Do you experience any of these?
- Joint Pain
- Surgical Pain
- Fibromyalgia Pain
- Arthritis Pain
- Spinal/Neck/Back Pain
- Digestive Pain
- Shingles Pain
- Scoliosis Pain
- Teeth Related Pain
- Diabetic Neuropathy Pain
- Sports Related Injury Pain
- Sprains, Strains, Tears, and Bruise Pain
- Scar Tissue Pain
Then you may finally experience Pain Relief using our Microcurrent technology and Protocols. It is well known in Healing Circles that Microcurrent works well in the body for stimulating the body’s own healing response- whether for acute or chronic issues, and it works even better and faster with our targeted Protocols.
Related Research, to list just a few:
McMakin, Carolyn R, MA, DC. (2004)
Journal of Bodywork and Movement Therapies. Apr(8)2:143–153
Source: Fibromyalgia and Myofascial Pain Clinic of Portland, 17214 SE Division Street, Portland, OR 97230, USA
Abstract: Chronic low back pain associated with myofascial trigger point activity has been historically refractory to conventional treatment (Pain Research and Management 7 (2002) 81). In this case series study, an analysis of 22 patients with chronic low back pain, of 8.8 years average duration, is presented. Following treatment with frequency-specific microcurrent, a statistically significant 3.8-fold reduction in pain intensity was observed using a visual analog scale. This outcome was achieved over an average treatment period of 5.6 weeks and a visit frequency of one treatment per week. When pain chronicity exceeded 5 years, there was a trend toward increasing frequency of treatment required to achieve the same magnitude of pain relief. In 90% of these patients, other treatment modalities including drug therapy, chiropractic manipulation, physical therapy, naturopathic treatment and acupuncture had failed to produce equivalent benefits. The microcurrent treatment was the single factor contributing the most consistent difference in patient-reported pain relief. These results support the observation that rigorously designed clinical investigations are warranted.
The Effect of Microcurrent Stimulation on the Foot Blood Circulation and Pain of Diabetic Neuropathy
Park, RJ; Son, H; Kim, K et al. (2011)
Journal of Physical Therapy Science (23)3:515-518
Source: Department of Physical Therapy, College of Rehabilitation Science, Daegu University, South Korea
Purpose: This study was performed to investigate the effect of microcurrent electrical stimulation on the foot blood circulation and the degree of pain experienced by diabetes patients. Twenty nine patients with diabetic neuropathy over the age of 60 were randomly divided into an experimental (16 patients, 67.9 ± 8.0 years) and a control group (13 patients, 70.4 ± 4.4 years).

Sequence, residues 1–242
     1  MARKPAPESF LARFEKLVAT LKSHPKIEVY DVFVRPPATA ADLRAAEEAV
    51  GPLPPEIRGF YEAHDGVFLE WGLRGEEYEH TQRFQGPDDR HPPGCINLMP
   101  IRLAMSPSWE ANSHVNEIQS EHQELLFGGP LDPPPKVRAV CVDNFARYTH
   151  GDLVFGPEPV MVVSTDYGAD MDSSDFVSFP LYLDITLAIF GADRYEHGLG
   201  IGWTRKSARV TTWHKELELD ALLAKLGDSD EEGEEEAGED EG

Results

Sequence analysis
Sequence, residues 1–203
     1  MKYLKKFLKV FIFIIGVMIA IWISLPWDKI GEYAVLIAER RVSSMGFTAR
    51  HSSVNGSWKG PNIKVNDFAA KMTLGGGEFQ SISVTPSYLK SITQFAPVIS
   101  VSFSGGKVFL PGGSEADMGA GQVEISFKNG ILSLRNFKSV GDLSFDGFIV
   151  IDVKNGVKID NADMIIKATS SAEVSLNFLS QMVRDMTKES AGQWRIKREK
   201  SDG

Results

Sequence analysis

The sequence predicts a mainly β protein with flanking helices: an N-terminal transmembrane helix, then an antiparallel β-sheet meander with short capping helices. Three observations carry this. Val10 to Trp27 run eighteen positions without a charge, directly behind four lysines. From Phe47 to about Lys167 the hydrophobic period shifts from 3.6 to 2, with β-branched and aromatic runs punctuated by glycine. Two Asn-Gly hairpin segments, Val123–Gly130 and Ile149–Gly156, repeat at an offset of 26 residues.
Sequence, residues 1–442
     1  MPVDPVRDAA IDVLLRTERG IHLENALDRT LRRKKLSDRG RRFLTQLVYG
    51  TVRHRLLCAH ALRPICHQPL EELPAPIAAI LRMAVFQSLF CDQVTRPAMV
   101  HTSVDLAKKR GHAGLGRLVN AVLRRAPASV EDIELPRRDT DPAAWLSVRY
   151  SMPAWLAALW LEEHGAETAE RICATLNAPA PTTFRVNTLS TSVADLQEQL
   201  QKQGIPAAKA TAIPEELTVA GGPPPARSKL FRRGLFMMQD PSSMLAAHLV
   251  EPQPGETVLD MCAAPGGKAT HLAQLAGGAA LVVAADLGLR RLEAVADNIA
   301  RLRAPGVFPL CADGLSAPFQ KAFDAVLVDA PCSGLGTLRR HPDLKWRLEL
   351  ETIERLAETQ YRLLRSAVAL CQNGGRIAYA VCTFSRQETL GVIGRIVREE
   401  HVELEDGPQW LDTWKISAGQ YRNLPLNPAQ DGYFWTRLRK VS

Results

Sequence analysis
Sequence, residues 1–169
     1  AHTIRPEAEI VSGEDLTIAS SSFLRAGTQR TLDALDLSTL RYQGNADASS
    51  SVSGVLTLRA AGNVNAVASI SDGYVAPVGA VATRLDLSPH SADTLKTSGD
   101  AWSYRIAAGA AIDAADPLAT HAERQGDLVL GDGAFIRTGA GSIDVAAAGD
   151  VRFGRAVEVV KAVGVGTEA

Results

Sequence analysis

Methods: Both groups walked on a treadmill at a comfortable pace for 50 min/day, 5 days/week for 4 weeks, and each participant’s body weight, body composition, and blood lipid were examined at the baseline and 4 weeks later.
Results: The results show that the foot blood flow rate increment after the intervention was significantly different between the experimental group and the control group, and the VAS was also significantly different.
Conclusion: Based on the study results, we consider that microcurrent electric stimulation of the foot may be helpful for preventing the pain and diabetic ulcers by increasing the foot blood circulation in diabetes patients.
Electromedicine: The other side of physiology
Source: Kirsch, Daniel L. PhD (2002)
Pain Management: A Practical Guide for Clinicians (6th ed.) Boca Raton, Fla.: American Academy of Pain Management. Richard Weiner, Editor. CRC Press. 749-758
Clinical Aspects of Electromedicine: The correct form of electromedical intervention will often have a profound and usually immediate effect on pain. … Even at its present state of evolution, electromedicine offers an unprecedented conservative, cost-effective, fast, safe and powerful tool in the management of the pain patient. As such it should be the first priority on the list of treatment options.
By Crystal Phend, Senior Staff Writer, MedPage TodayFebruary 11, 2013
Reviewed by: Robert Jasmer, MD; Associate Clinical Professor of Medicine, University of California, San Francisco and Dorothy Caputo, MA, BSN, RN, Nurse Planner
Synopsis: A noninvasive device that electrically stimulates the trigeminal nerve prevented migraines for patients whose episodes could not be controlled by medication alone, a trial showed. The number of days with a migraine dropped significantly, by about two per month, in the supraorbital transcutaneous stimulation group, without a change in the sham control group, Jean Schoenen, MD, PhD, of Belgium’s Liège University, and colleagues found.
Mary Ann Liebert, Inc. Volume 25, Number 1, 2013
Synopsis: This study reviewed current publications to determine if acupuncture therapy had been shown to have a positive effect on the symptoms of phantom-limb syndrome. Avazzia technology, especially combined with the Avazzia MEAD, can be used as a needleless form of acupuncture.
Bonrich Academy (B.A.of A.E.) makes no claims as to the relation between its products and technology and the list of published research. This selection represents articles on microcurrent technology that might be of interest.